The Masdar-led consortium of TotalEnergies, Siemens Energy and Marubeni has announced its plan focused on green hydrogen to produce sustainable aviation fuel (SAF) is actively working with licensors to certify a new production pathway for sustainable aviation fuel (SAF) from methanol.
This novel pathway will provide one more option to address the global need to produce and make SAF available globally and help the aviation industry decarbonize.
The consortium has been collaborating with the Abu Dhabi Department of Energy, Etihad Airways, Lufthansa Group, and Khalifa University of Science and Technology, on a demonstration initiative for e-SAF.
Since January 2021, the partners in the initiative have completed a range of evaluations on technology suppliers, feasibility studies and conceptual designs, while working closely with regulators on compliance issues. The consortium has now zoned in on the methanol-to-jet (MTJ) pathway as its chosen technology route.
The Alcohol to Jet Synthetic Paraffinic Kerosene pathway (ATJ-SPK) has been certified in 2016 as meeting international standards for jet fuel. This pathway covers several alcohols like ethanol and iso-butanol. The objective of the consortium is to widen the range of alcohols covered in this pathway by getting methanol, a key building block in the chemical industry, including in its remit.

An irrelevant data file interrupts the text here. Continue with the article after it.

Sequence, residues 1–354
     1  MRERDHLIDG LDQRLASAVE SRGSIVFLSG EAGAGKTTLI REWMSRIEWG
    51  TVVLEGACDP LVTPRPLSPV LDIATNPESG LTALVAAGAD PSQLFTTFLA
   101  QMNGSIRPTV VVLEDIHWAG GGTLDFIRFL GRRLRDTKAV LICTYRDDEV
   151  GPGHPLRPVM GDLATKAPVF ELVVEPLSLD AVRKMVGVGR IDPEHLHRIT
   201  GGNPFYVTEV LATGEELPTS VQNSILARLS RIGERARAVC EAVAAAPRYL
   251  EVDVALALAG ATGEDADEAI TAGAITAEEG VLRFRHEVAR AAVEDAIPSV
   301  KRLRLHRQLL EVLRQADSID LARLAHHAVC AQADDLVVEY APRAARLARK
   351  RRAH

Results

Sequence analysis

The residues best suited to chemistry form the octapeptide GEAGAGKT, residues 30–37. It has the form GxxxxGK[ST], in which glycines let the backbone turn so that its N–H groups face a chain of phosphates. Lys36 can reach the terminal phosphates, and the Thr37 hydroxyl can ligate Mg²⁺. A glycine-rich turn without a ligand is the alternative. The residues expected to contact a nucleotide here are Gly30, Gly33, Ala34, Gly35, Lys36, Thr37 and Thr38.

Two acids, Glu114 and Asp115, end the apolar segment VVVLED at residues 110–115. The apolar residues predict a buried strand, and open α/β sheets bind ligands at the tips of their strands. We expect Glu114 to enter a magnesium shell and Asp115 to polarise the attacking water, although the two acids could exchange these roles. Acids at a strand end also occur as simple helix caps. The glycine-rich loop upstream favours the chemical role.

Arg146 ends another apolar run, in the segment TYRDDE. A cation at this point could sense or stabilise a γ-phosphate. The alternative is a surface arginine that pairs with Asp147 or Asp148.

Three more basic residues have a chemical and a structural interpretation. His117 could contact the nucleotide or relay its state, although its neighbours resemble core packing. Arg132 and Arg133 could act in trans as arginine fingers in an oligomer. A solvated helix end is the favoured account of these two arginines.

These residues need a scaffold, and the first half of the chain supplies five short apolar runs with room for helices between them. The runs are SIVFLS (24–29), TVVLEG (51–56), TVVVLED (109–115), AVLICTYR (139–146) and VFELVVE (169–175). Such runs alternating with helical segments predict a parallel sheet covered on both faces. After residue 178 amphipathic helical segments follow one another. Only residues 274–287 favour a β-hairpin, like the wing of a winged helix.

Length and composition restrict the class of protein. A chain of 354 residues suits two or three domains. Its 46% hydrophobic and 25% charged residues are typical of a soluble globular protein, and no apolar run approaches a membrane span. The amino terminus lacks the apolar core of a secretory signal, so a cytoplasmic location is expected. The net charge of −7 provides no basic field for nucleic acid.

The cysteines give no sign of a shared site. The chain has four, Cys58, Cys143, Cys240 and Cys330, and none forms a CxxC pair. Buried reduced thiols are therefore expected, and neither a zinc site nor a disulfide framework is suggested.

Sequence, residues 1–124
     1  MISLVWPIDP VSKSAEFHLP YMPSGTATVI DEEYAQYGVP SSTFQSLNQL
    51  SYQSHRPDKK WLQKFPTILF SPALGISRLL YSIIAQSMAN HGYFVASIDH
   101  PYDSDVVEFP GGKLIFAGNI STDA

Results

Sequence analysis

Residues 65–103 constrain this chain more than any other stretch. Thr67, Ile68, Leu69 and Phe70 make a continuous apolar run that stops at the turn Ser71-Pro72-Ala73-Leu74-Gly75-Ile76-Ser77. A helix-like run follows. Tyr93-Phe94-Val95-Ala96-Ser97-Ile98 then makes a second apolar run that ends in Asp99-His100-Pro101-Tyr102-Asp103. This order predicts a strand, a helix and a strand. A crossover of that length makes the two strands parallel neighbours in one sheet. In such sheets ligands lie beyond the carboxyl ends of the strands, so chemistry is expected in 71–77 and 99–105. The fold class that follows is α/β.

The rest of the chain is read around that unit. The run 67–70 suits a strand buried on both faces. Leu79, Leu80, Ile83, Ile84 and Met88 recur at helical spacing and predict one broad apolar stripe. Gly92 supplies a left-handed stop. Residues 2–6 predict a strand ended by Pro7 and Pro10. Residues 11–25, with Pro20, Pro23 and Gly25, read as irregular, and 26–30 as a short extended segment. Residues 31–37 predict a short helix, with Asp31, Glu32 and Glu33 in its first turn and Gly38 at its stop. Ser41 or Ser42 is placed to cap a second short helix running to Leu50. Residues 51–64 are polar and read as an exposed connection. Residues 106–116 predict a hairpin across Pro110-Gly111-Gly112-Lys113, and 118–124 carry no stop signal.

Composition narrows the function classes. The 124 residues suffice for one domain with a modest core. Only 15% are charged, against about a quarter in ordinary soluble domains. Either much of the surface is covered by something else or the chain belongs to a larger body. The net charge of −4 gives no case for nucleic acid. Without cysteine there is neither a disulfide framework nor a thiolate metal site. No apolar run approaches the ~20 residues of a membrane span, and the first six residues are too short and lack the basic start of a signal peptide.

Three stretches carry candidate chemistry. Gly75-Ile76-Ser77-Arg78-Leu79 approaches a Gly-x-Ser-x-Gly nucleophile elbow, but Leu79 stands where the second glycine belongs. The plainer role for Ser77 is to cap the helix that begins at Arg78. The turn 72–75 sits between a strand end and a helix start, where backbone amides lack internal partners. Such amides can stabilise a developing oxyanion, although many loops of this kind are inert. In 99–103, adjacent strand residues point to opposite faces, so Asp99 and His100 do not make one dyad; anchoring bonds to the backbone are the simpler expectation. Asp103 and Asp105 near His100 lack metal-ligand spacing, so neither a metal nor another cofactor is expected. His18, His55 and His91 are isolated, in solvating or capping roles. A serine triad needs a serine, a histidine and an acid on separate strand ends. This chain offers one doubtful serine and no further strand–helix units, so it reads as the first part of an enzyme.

Although the individual components of the MTJ pathway are for the most part mature technologies, they have not yet been integrated for the purposes of making SAF and this route is not yet certified. The consortium will now work together with licensors of the MTJ technology, to get this novel pathway certified at the earliest.
Sustainable aviation fuel is an immediately available solution for significantly reducing the CO2 emissions of air transportation. It can be used as a drop-in fuel without modifying existing storage and refueling infrastructure, aircraft or engines. Gradual incorporation worldwide should help significantly lower the CO2 emissions of air transportation since, on average, bio-jet fuel produces 80 percent fewer CO2 emissions over its lifecycle when produced from waste and residue.